American farmers hit by the U.S.-China trade battle are preparing to reshape the U.S. Farm Belt by planting more corn and less soybeans next year over a land mass potentially equal to the size of Connecticut.
For decades, corn was U.S. farmers’ crop of choice, its tall stalks carpeting the Midwestern landscape. Soybeans, shorter and bushier, began decades ago as a niche crop raised on less acreage but came to rival corn in recent years because of growing demand from China.
U.S. farmers in 2018 planted more soybeans than corn for the first time in more than three decades, betting on that demand. But Chinese tariffs on U.S. soybeans have wreaked havoc: U.S. exporters have sold less soybeans to China, typically the largest foreign buyer of the crop, in the past seven weeks than in a single week last fall. Soybeans inspected for export from ports in the Pacific Northwest — a main U.S. originator of soybeans bound for China — recently stood 82% below their year-ago level. Prices for the oilseeds have dropped 11% this year.
“Prices will tell you that you would see a significant shift out of soybeans toward corn in the U.S.,” said Soren Schroder, chief executive of grain-trading giant Bunge Ltd., speaking at a Wall Street Journal conference in September. Some analysts say farmers could convert as much as four million acres from soybeans to corn next spring.
Many farmers and agricultural officials said final crop choices might not be made until just weeks or days before planting gets under way, partly because of uncertainty over tariffs. President Trump and his Chinese counterpart Xi Jinping are scheduled to meet at the Group of 20 leaders’ summit in Buenos Aires in November.
The outlook for soybeans is worrisome, however. “You’re not going to raise a crop that you lose $2 a bushel on every year,” said Joel Schreurs, a Minnesota farmer who considers switching up to 30% of his soybean acres into corn next year if Chinese duties remain in place and federal assistance dries up. If enough U.S. farmers follow suit while Brazil, South America’s soybean behemoth, makes improvements to its export infrastructure, the U.S. could cede the advantage in soybean production, he said.
The situation could pose challenges for farm retailers and grain traders charged with transporting crop supplies and handling a fresh flood of grain. But swinging more fields back toward corn could boost crop-seed sellers and fertilizer suppliers, analysts said.
Corn has tended to be a more profitable product for seed companies like Bayer AG, DowDuPont Inc. and Syngenta AG and would provide a boost to them, at least in the short term. With its longer growing season, corn is more susceptible to weeds and destructive bugs, meaning farmers often spring for pricey seeds with genes inserted to repel pests. Because corn produces more grain per acre than other crops, seed companies can also charge more for a bag.
At a seed-conditioning plant in Waterloo, Neb., farmers’ early preference for corn means Syngenta employees are working to clean, scan and bag more corn seeds than normal for this time of year to prepare them for sale next spring. If farmers’ renewed demand for corn holds, Syngenta may dip into its “safety stock” of corn seed to meet orders, said David Hollinrake, who heads the company’s North American seed business.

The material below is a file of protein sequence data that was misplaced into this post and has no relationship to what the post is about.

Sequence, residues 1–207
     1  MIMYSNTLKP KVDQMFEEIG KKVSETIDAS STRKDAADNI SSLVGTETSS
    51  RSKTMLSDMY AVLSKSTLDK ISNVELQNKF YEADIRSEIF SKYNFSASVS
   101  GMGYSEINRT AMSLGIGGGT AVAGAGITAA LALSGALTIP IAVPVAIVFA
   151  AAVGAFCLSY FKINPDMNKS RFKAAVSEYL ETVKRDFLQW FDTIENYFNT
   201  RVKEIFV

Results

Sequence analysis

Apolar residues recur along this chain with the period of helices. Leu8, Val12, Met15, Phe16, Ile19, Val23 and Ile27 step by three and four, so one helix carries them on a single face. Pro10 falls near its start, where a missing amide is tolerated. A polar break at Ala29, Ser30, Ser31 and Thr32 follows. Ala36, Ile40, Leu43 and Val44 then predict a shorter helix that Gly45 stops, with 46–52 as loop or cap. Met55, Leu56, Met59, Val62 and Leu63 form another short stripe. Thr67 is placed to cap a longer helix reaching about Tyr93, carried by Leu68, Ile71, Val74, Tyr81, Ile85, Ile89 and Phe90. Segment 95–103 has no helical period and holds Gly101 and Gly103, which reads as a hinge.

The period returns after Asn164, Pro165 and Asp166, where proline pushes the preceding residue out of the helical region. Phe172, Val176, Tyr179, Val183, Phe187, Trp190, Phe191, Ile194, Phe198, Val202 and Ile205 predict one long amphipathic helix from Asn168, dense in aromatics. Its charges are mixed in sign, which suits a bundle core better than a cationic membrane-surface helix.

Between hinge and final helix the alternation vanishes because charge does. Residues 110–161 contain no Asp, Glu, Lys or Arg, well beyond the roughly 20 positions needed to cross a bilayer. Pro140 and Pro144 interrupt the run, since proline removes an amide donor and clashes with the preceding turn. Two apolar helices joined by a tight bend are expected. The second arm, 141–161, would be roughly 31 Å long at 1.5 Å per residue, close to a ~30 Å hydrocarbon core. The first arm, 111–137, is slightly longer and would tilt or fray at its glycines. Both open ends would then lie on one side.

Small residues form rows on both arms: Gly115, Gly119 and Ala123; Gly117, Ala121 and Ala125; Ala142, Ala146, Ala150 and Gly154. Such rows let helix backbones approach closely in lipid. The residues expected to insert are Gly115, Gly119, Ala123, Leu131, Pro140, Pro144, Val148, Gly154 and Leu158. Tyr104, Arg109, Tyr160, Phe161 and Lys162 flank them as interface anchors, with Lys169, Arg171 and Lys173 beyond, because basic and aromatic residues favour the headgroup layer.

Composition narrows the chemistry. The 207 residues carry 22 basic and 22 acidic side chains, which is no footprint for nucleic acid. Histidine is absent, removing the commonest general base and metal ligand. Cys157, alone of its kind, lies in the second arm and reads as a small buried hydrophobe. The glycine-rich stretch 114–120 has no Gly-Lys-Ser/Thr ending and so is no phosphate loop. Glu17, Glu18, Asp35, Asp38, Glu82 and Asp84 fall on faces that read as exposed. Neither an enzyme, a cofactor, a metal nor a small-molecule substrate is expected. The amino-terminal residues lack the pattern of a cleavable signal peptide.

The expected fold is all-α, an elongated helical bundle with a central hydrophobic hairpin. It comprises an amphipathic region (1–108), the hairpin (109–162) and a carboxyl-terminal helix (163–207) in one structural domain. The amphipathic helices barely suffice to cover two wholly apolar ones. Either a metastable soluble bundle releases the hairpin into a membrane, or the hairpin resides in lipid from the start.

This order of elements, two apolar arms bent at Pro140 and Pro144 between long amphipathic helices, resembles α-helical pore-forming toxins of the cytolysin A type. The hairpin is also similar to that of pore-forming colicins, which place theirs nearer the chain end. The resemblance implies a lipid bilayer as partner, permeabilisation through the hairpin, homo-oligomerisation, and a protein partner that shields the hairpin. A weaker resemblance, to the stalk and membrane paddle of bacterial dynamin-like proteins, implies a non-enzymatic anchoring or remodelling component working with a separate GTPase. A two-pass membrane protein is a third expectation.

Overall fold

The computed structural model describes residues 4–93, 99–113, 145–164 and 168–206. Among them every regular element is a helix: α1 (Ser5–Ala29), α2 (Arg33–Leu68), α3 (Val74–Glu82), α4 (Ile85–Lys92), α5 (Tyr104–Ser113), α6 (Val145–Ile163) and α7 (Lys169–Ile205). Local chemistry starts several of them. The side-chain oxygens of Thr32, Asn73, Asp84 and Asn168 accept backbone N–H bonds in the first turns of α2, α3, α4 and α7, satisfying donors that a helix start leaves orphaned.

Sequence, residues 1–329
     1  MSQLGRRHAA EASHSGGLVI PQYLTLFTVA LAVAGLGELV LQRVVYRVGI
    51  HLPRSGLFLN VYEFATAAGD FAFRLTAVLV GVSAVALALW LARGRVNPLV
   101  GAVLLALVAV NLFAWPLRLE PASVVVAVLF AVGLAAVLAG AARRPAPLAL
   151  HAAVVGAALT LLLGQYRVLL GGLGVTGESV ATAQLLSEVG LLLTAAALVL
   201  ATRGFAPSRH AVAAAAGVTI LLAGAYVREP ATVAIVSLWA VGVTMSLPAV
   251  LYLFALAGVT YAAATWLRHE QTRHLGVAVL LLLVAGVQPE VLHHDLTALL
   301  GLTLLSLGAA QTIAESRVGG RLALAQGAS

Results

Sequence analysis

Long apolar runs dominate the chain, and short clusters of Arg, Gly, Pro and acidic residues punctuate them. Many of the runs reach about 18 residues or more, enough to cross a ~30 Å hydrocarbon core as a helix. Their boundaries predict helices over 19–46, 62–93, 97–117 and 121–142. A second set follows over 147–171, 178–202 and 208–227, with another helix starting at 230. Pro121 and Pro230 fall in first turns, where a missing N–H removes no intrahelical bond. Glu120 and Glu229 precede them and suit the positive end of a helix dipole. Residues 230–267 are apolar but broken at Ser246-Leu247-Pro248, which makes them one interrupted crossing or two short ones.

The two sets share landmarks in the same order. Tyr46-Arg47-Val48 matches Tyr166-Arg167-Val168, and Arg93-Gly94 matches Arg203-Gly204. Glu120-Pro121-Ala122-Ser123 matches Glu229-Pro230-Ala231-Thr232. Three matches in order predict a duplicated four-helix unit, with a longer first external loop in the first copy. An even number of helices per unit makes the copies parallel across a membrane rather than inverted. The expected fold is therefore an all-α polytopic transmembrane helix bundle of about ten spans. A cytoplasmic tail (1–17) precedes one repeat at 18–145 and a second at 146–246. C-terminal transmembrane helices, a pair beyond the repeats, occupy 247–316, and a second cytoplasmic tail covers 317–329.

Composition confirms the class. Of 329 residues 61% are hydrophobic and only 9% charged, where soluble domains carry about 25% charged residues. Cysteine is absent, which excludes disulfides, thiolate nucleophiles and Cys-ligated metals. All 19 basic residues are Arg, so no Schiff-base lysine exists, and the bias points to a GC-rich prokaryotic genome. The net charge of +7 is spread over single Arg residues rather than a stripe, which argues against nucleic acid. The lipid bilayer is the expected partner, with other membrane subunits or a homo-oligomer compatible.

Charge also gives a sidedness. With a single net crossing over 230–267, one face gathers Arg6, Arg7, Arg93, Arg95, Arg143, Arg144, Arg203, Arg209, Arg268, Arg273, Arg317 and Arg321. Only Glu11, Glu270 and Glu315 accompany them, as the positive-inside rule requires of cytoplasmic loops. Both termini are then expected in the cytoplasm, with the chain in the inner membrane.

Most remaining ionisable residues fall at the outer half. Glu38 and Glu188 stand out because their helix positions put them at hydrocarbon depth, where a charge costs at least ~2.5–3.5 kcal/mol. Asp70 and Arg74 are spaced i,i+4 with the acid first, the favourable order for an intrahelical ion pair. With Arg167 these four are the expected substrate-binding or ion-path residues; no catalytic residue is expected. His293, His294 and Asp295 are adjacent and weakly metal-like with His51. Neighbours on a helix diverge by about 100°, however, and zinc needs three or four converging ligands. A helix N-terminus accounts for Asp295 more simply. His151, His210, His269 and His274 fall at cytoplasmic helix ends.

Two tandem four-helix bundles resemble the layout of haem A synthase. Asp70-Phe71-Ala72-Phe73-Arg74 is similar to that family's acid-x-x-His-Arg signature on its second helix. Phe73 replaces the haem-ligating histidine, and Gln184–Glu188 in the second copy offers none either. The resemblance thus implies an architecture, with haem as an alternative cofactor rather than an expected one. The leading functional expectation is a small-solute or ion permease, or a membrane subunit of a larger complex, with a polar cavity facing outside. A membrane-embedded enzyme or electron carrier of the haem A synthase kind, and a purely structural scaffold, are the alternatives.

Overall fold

Kevin Cavanaugh, director of research at Beck’s Hybrids, one of the largest privately-owned U.S. seed makers, said the company’s corn-seed sales are running 15% ahead of soybeans. While there is plenty of time for farmers to change their minds before spring planting, he said, “things are really lining up to grow more corn.”
That would be a boon to fertilizer companies, particularly nitrogen suppliers like CF Industries Holdings Inc. and Nutrien Ltd. Corn plants can’t produce their own nitrogen the way soybeans can, requiring farmers to apply it to their fields in the fall and spring to boost yields.
Researchers at the University of Illinois estimate that a farmer growing crops on rented land in northern Illinois will lose $64 dollars per acre of corn next year, versus $95 per acre of soybeans. It is the first time since 2013 that corn is projected to be a better economic proposition than soybeans, according to the researchers.
However, corn may not be a panacea, especially for farmers who have racked up debts, according to Matt Schreurs, vice president of lending at First Security Bank in Lake Benton, Minn. “We’re running out of rope for a lot of operations,” said Mr. Schreurs, who is Joel Schreurs’ second cousin. Some farmers anticipate bankers will have a bigger say in planting decisions this year, scrutinizing a farm’s finances before offering loans.
Farmers and grain elevators, particularly in the upper Midwest, are now struggling to find alternative markets for soybeans, as well as space to store this year’s crop, which the U.S. Department of Agriculture projects will set a record. Many elevators are preparing to dump three story-high piles of grain on the ground to make room for soybeans in bins. Soybeans can rot if not dried properly, a growing fear in North Dakota, where a recent snow blanketed crops and delayed the fall harvest.
Soybeans have boomed in North Dakota, with planted acreage more than quadrupling in the past two decades as grain companies and railroads helped build up a corridor to the Pacific Northwest to carry the crop to hog barns in China.
Finding a home for surging corn supplies poses its own challenge. While U.S. hog and chicken farmers are expanding to supply new processing plants, the added animals likely won’t be enough to absorb all of the bushels coming to market, said Ankush Bhandari, head of economic research for Gavilon, a U.S. grain trader.
“A lot of that [corn] would have to find its way into the export market, ” he said.